"ringer" = someone with unexpected assets?

Benjamin Zimmer bgzimmer at BABEL.LING.UPENN.EDU
Thu Oct 16 07:06:47 UTC 2008

On Thu, Oct 16, 2008 at 12:27 AM, Joel S. Berson <Berson at att.net> wrote:
> For me, "ringer" doesn't only mean someone (such as a horse)
> substituted for another competitor fraudulently.  In other contexts,
> it can mean someone who arrives with unexpected capabilities.  (The
> example I have is a copyeditor who knew enough about the subject
> matter to help the author improve the text -- pointing out errors, etc.)
> This sense doesn't seem to be in the OED, and a superficial look on
> the Internet failed to turn it up either (Google "define ringer",
> Wikipedia, urbandictionary).

NOAD2 includes this def:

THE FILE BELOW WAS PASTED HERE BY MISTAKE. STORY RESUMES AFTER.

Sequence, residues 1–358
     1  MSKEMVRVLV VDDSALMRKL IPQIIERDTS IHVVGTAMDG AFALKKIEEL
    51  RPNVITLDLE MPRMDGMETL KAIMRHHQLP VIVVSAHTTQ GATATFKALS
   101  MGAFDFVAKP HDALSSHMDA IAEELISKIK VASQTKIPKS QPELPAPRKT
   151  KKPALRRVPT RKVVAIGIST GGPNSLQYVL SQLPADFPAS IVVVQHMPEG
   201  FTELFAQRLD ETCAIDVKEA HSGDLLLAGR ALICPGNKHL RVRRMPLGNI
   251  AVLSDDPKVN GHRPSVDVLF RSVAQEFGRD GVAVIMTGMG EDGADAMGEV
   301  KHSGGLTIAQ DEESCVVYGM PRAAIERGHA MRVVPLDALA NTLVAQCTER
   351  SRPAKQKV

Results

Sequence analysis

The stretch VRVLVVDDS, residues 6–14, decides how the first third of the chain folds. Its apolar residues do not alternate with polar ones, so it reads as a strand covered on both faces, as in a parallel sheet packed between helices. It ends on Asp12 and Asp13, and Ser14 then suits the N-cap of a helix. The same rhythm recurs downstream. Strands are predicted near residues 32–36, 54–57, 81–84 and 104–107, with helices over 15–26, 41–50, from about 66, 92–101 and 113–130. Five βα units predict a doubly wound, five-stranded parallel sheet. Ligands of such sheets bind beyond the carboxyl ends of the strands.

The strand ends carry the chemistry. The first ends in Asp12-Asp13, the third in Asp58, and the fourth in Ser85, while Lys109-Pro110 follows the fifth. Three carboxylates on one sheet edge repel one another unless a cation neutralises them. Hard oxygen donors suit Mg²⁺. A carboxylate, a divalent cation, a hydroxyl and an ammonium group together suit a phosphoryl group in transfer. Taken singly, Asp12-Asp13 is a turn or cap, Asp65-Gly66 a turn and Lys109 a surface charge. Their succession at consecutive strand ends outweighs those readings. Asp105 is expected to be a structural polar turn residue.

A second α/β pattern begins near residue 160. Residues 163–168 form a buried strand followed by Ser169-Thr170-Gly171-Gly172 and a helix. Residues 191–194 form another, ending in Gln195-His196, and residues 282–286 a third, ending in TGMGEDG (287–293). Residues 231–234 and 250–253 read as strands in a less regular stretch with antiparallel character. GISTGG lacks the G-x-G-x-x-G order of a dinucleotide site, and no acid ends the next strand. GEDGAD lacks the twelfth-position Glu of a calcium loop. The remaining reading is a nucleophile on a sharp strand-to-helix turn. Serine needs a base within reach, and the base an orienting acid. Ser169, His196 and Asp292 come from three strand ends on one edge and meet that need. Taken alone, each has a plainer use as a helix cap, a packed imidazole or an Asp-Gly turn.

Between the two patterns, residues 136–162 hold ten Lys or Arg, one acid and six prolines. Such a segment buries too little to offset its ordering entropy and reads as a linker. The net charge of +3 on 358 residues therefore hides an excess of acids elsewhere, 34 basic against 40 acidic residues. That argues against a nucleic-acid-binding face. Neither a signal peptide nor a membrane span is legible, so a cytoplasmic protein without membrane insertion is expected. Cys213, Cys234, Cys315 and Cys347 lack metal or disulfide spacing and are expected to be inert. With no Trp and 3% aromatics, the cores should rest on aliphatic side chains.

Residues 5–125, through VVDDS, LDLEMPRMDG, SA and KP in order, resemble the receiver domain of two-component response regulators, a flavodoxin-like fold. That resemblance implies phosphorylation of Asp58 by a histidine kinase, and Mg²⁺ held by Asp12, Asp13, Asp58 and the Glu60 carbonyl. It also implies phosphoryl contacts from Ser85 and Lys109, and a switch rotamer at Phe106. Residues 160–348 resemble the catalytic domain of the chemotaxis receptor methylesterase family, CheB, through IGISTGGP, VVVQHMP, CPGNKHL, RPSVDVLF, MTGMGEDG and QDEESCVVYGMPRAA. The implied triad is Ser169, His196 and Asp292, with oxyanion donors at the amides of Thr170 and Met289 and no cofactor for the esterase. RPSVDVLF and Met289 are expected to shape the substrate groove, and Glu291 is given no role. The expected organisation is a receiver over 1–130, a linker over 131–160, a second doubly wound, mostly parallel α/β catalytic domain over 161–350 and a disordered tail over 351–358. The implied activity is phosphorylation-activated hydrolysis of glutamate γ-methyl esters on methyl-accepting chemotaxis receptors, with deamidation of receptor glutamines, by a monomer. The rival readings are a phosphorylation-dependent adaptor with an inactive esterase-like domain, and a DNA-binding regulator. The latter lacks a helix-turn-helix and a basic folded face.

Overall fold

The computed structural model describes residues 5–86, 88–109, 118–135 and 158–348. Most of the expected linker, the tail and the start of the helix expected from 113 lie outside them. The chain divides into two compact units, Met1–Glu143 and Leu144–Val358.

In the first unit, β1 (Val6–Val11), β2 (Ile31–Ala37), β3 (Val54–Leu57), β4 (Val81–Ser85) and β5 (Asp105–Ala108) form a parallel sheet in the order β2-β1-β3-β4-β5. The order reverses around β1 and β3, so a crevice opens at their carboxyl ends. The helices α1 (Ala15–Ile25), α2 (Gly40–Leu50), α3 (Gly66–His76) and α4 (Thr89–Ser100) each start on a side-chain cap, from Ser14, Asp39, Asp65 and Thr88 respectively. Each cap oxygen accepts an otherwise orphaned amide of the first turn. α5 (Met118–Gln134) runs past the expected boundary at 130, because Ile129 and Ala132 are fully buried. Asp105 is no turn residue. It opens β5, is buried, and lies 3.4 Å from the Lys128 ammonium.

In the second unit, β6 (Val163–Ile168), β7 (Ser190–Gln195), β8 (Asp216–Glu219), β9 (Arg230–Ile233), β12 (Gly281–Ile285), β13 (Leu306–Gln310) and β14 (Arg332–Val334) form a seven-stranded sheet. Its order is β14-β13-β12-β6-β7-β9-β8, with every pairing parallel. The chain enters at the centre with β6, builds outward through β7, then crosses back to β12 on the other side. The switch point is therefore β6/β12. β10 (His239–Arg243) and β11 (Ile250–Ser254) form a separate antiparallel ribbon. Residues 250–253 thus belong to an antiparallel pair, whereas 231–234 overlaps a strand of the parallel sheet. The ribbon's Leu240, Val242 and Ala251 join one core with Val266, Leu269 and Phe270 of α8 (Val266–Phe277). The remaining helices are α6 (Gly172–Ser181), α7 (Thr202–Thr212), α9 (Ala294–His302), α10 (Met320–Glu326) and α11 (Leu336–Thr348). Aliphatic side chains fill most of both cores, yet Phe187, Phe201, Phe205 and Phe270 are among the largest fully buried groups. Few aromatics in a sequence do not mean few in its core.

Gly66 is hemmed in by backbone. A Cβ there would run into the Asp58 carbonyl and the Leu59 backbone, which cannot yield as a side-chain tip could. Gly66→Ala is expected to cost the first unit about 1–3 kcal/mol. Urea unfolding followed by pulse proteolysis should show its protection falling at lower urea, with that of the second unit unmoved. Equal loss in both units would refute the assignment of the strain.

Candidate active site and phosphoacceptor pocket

a person who is highly proficient at a particular skill or sport and
is brought in to supplement a team or group of people: "league
eligibility rules had grown flexible to accommodate new teams, and
ringers began suiting up."

RHUD has:
a substitute or addition, as a professional musician hired to
strengthen a school orchestra: "We hired three ringers for the
commencement concert."

--Ben Zimmer

The American Dialect Society - http://www.americandialect.org

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